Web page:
Remixing involves deconstructing a pre-existing work to isolate fragments that can later be used to construct a version of the deconstructed work. This method of sampling was later applied to creating novel works that are not variants of the earlier work from which the fragments were sourced but instead constitute independent compositions. I refer to this practice as Remix (as contrasted to 'remix' being a variant of an earlier work).

Remix is only possible at a stage of advanced technological development where media-processing equipment exists that can deconstruct available recordings – of sound, film, or even photography (photographs are recordings of the real world). At the very least, the source material must exist that is to be sampled. William Burroughs popularised in the late 1950s a literary technique that had been invented by the Dadaists in the 1920s who would cut up written text and rearrange it to create new texts.

This practice was, however, predated by almost two hundred years by Musikalisches Würfelspiel, meaning 'musical dice game' in German. In this game, the player would generate music from pre-composed options where the fragments of the music score were materially available in the form of pieces of sheet music. The 'composer' would roll dice to randomly select pieces to patch up.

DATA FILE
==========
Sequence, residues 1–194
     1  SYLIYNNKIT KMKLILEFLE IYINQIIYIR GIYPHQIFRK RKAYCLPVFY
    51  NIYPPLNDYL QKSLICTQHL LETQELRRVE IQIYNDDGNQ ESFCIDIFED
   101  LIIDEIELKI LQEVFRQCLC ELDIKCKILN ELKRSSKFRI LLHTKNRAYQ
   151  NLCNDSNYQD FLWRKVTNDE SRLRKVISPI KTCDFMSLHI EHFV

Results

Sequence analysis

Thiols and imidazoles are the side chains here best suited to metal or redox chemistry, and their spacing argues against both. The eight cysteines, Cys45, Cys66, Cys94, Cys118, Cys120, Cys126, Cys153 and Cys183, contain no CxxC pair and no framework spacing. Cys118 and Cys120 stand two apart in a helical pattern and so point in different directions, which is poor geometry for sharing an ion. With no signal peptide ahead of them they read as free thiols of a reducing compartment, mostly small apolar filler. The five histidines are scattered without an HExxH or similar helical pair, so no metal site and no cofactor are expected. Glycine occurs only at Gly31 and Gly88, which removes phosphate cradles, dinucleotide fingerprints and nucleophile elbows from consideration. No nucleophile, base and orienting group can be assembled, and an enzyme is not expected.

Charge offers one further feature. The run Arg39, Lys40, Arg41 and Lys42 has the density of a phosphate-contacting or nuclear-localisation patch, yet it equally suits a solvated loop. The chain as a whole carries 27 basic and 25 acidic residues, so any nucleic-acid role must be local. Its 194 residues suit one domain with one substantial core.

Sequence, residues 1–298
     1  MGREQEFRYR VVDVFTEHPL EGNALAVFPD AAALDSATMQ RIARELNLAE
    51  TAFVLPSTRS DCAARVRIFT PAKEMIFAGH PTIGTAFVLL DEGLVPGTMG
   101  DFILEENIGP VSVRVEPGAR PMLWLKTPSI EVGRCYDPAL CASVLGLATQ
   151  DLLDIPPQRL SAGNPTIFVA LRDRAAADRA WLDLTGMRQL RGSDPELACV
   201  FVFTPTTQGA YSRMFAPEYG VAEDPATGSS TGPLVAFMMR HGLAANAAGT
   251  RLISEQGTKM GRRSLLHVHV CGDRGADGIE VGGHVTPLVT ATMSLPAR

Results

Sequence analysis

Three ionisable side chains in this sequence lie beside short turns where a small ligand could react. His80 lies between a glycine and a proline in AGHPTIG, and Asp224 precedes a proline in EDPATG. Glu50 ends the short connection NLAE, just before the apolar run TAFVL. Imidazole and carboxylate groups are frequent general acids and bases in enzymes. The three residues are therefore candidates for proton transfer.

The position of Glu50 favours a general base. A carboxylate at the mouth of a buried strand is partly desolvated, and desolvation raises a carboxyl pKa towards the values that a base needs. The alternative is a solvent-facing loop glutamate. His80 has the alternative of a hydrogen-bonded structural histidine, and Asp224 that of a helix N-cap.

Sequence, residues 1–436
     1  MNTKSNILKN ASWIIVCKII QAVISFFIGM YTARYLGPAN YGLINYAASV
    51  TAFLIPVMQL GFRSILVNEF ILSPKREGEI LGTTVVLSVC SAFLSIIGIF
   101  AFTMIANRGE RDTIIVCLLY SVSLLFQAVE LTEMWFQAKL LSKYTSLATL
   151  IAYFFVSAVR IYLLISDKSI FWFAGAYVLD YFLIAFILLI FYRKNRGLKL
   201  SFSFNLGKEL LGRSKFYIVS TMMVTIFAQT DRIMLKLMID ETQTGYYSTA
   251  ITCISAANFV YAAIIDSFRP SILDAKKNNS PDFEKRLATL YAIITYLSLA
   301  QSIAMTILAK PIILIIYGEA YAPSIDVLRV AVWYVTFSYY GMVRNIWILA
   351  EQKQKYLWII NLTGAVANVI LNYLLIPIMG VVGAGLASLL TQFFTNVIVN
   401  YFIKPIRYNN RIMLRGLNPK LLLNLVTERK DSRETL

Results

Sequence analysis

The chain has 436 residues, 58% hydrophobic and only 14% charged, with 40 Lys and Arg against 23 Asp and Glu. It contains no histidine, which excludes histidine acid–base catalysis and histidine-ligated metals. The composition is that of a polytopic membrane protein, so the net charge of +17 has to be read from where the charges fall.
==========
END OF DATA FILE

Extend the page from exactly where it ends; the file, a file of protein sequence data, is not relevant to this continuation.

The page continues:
The earliest known example is Johann Philipp Kirnberger's Der allezeit fertige Menuetten- und Polonaisencomponist (German for "The Ever-Ready Minuet and Polonaise Composer") (1757). Later examples are by C. P. E. Bach (one of Johann Sebastian Bach's sons) (1758) and by Maximilian Stadler (1780) (Nierhaus 2009: 36–38). But perhaps the best known example is attributed to Mozart himself. A 1787 manuscript exists that consists of 176 one-bar musical fragments; there no instructions and no evidence that dice were used, but this fact is of no interest to us. What matters is that pre-composed music had been deconstructed into actual prototypes of modern-day sample banks that are found in every music composition software.

Notwithstanding the fact that the player of this game still had to actually play the patched-up novel composition, this is a veritable example of the principles of Remix in action. The fact that randomness also played an important role in this method of composition is of interest to game-design researchers and mathematicians, but of little relevance to Remix Studies researchers such as myself. 



Nierhaus, Gerhard (2009). Algorithmic Composition: Paradigms of Automated Music Generation, pp. 36 & 38n7.

Cope, David (1996). Experiments in Musical Intelligence, p. 7. Madison, Wisconsin: A–R Editions, Inc.

DJ Moazrt image taken from the Domrebel t-shirt.